In a statement Friday, Komen said: "We want to apologize to the American public for recent decisions that cast doubt upon our commitment to our mission of saving women's lives."
The group said it was not trying to penalize Planned Parenthood and would amend its rules to clarify that it would not support beneficiaries under investigations that are "criminal and conclusive in nature and not political. That is what is right and fair."
Planned Parenthood may have helped Komen in its effort to rebuild good will because it has accepted the apology and expressed a willingness for the two groups to continue working as partners, some experts said. Maryland Planned Parenthood doesn't receive funds from Komen but was still pleased by the organization's decision.
"While we were not directly affected, we are just thrilled that they reversed their decision and realized their mission is in line with ours," said ChristieLyn Diller, a spokeswoman for Planned Parenthood Maryland. "We certainly welcome anyone who wishes to continue supporting them to do so. We see Komen as a partner in helping in the early detection of breast cancer."
It is not known how many sponsors, if any, expressed displeasure at Komen's decisions.
Several of Komen's national corporate sponsors — American Airlines , Ford Motor Company and Yoplait — said Thursday they would stand by the charity because of its record of supporting breast cancer patients
Several sponsors of Komen Maryland contacted by The Baltimore Sun on Friday did not respond to requests for comment. Komen Maryland has counted a growing number of corporate sponsors throughout the years, including Safeway, McCormick, public relations firm IMRE and The Baltimore Sun Media Group.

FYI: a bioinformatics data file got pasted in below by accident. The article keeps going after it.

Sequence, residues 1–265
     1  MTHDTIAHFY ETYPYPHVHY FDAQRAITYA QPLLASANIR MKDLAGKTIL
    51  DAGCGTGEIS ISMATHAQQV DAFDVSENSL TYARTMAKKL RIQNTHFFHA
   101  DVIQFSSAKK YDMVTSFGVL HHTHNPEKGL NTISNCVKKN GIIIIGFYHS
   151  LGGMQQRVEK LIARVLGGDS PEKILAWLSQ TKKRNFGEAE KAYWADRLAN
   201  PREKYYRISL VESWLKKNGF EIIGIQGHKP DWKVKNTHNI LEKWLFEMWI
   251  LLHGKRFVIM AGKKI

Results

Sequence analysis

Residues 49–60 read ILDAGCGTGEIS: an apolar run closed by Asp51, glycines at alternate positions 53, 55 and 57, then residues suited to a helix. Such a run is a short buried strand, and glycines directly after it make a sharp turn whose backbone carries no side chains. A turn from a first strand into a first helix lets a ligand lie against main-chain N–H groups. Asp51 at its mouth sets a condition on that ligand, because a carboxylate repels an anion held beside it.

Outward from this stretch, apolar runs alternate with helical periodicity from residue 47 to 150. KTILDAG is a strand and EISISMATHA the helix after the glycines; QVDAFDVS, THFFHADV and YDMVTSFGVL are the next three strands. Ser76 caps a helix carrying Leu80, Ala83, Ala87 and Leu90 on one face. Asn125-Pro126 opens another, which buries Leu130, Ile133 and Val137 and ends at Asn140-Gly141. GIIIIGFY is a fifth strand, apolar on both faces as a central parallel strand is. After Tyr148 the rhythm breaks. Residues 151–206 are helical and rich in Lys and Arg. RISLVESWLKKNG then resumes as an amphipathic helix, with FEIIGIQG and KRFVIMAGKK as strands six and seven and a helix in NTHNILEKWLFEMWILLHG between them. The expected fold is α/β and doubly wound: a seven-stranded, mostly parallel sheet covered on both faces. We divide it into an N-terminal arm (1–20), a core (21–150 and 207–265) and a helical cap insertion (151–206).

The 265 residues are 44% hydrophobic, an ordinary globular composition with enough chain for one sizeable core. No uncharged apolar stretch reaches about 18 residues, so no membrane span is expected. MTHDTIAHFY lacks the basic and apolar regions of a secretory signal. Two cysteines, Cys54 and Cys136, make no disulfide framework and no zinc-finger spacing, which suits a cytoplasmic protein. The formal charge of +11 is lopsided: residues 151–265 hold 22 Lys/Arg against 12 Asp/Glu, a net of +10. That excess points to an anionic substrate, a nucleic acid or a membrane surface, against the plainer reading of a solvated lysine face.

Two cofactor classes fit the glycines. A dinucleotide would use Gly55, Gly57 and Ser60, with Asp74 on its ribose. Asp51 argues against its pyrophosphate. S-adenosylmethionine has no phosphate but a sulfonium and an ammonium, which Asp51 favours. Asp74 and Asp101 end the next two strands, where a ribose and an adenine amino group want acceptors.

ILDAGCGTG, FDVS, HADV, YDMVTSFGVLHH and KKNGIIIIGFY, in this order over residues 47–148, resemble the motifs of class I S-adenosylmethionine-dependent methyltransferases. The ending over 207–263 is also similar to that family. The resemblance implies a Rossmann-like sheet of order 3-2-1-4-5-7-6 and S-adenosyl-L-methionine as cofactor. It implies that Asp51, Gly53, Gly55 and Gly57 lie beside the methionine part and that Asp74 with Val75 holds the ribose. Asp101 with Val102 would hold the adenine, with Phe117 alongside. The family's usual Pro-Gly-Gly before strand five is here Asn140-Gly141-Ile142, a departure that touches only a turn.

Meanwhile, local Komen affiliates are reaching out to supporters.
Brittany Fowler, a spokeswoman for Komen Maryland, said the group sent a letter Friday to people on its email list explaining the changes. She said Komen Maryland doesn't give money to the local Planned Parenthood group because it has never applied for a grant. She said she hopes people will still support local activities, including an inaugural breast cancer run to be held in April in Ocean City.
"We hope people will look at us for what we do for the community," Fowler said. Komen Maryland provides $2.5 million a year to 29 programs that provide services such as mammograms or meals to women undergoing breast cancer treatment.
Critics of Komen's initial decision applauded the reversal Friday. Sens.Benjamin L. Cardinand Barbara A. Mikulski were among 24 senators who wrote a letter Thursday to Komen officials calling on them to restore funding to Planned Parenthood.
"The national Komen Foundation's reversal is a victory for women who rely on Planned Parenthood to get the breast cancer screenings they need," Mikulski said in a statement. "Politics should never come between a woman and her access to breast exams. I'm pleased Komen realized its error and did the right thing."
Rebecca Hamilton, an associate professor of marketing at the Robert H. SmithSchool of Business at the University of Maryland, said Komen can continue to improve its image in the coming months by promoting its programs and reminding people of the good things it does in the community. It also must continually remind people that it won't make same mistake again, Hamilton said.
"When people give money again, they're going to be wondering if Komen is going to use [views] they didn't know about to allocate their funds," Hamilton said. "They're going to have to be very clear about why they made their decision and help people understand whether or not they can trust them again in the future."
Reuters and Baltimore Sun reporter Matthew Hay Brown contributed to this article.